There are so many topics in the news to write about, that I had a hard time making a decision. I’m happy that so many of you appreciate my views, even if we disagree.
Last week, I had an opportunity to attend a special media event for the opening of Splash Country’s newest attraction, the first water coaster in Tennessee. Later the same day, I attended the ribbon cutting and preview of Parton’s latest show, “My people: Dolly’s Letters Home.”
We in the news business forget sometimes that readers don’t really understand or appreciate what goes into producing stories and deciding where they go in the paper.
I left Sevier County in 1985, after five years spent reporting the news and voicing my opinions in The Mountain Press. I wouldn’t say I never looked back, for I thought often and positively about my years here. But I never got around to coming back — until April.
During my eight days in the Grand Canyon, cut off from the outside world, I did what folks don’t usually do these days: talk to other people, making real conversation. Instead of watching TV, reading a book or playing a video game, everyone on the trip passed the time at night engaging the others.
Some 5 million people visit the Grand Canyon every year, and almost all of them see it from the top down. It’s impressive. However, not nearly as many have viewed it from the bottom up, rafting along the roughly 270 miles of the Colorado River, a mile or so below the rims.
In the news recently was an story about the price that America has to pay to get a lift to the Space Station. It is costing NASA $424 million to grab a seat for our six astronauts to go into space, which we pay to Russia.
Cleaning out the notebook, and the mind, of a few little things. ...
A bill that is about to pass the General Assembly will change the state’s judicial districts, but it won’t have any effect on Sevier County. The 4th Judicial District will still include Sevier, Cocke, Grainger and Jefferson counties.
Some things need to be said. I don’t believe in Bible Thumping, but truth must always be available to all people. Bible precepts are the basis of our nation and many others around the world.
Almost every weekday afternoon in the mid-1950s, when my father would come home from his store, he’d find me in front of the television watching “The Mickey Mouse Club.” The same was true in the houses of my friends as well, at least the ones who had TVs. In the mid-1950s television sets were not everywhere yet.
How is an elected official supposed to know what the public wants him to do? Better yet, should his decisions as an elected official be based just on consensus from his constituents, or on his own sense of right and wrong?
If you think the idea of bipartisanship is a good thing welcomed by all Americans, think again. That may be a stated desire of members of Congress and the president, but when you answer to constituents back home, it can create some problems.
I’ll never forget what a journalist friend said when I told him I was thinking about getting into the profession.
I was out to eat with some friends not long ago, and I asked if anyone might want an appetizer of shrimp. “Oh, no,” one said. “I hate shrimp.”
He hates shrimp. That’s fine. But where did that hatred come from? Was he born hating it? Did he get some bad shrimp one time? Is he a vegetarian? Does he own goldfish?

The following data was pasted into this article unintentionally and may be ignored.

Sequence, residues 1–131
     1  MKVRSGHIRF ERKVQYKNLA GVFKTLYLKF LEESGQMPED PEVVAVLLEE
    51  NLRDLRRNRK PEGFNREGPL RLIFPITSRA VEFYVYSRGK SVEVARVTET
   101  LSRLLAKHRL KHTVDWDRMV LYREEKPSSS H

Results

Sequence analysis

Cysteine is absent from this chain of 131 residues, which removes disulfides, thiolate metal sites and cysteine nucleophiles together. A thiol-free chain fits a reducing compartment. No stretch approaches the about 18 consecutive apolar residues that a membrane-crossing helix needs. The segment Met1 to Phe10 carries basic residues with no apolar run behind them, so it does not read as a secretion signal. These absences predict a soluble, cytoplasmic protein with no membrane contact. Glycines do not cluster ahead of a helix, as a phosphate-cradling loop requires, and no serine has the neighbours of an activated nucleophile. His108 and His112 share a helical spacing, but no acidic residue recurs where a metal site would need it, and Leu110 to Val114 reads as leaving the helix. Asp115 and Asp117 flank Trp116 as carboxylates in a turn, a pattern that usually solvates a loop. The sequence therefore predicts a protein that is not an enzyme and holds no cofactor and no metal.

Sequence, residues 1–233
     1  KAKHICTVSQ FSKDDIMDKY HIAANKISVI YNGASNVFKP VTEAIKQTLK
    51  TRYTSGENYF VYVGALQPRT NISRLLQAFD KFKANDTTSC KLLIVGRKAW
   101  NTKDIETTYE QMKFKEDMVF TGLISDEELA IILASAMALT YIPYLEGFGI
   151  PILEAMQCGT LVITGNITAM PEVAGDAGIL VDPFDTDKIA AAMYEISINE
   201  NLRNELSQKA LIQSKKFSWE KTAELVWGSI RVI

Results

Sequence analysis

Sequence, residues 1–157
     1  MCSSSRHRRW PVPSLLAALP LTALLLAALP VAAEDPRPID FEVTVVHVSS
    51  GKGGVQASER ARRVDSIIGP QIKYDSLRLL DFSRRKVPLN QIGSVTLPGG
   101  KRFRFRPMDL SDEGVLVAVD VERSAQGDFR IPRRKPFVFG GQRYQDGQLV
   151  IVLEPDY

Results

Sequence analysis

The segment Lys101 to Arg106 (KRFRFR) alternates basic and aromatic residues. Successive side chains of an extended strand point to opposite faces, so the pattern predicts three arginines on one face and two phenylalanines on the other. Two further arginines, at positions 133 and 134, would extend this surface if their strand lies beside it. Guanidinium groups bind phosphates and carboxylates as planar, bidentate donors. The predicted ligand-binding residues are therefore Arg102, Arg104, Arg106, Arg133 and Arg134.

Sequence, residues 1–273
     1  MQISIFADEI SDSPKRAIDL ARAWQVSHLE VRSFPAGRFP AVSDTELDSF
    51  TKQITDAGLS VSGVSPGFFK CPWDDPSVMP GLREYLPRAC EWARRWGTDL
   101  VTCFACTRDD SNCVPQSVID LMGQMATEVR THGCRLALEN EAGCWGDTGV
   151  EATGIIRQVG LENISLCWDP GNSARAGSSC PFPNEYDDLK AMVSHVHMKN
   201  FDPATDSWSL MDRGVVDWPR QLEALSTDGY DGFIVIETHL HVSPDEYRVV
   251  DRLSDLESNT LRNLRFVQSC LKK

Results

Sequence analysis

There are around a million applications — commonly called apps — available to be downloaded to a tablet or smartphone. Robin Aletras has one in mind. He hopes it will become one of those success stories so he can share the profits with a local ministry and, frankly, make some money for himself.
They’re called Court Appointed Special Advocates, better known by the acronym CASA.
These are volunteers who go through 30 hours of training and then agree to be advocates for children in crisis. They meet with school officials. They make home visits. They report to the judge. They are perhaps the lone person on the planet who exists solely to serve the needs of a particular child in trouble.
Too many babies are born in Tennessee dependent on addictive drugs their mother took while pregnant. Often within a few hours of delivery, the baby starts the painful process of withdrawal. It’s difficult to watch, even if you’re a clinician accustomed to seeing a lot of suffering.
As I’m writing this, I’m in Orlando, at a time-share unit. Part of my family flew in from England, and the other part from Washington State.
You have to wonder if this country’s national leaders ever will see their way clear to significant cuts to the federal budget.
In his fifth State of the Union address, President Obama underscored the importance of creating jobs and promoting economic growth, addressing the upcoming sequester, making investments in education and infrastructure, and passing comprehensive immigration reform.
The Pigeon Forge Parks and Recreation Department has been advertising in our paper for umpires, and each time I see it I am reminded of my own experience as an umpire for youth baseball and adult softball.
We all have had friends through the years. Some we’ve had since we were children. Those are the rarest of all since we tend to disperse all over the country. As they say, “Out of sight, out of mind.”
Who among us has not been shopping in Kroger or Food City or Wal-Mart and had someone — sensing we were locals — approach us to ask: Where can I buy wine? Why don’t they have it in the grocery store?
As director of a small-helps ministry whose main emphasis has been to render support to other parachurch ministries, to help further their ongoing outreach to those in need, surface involvement in hot-button political issues has generally taken a backseat.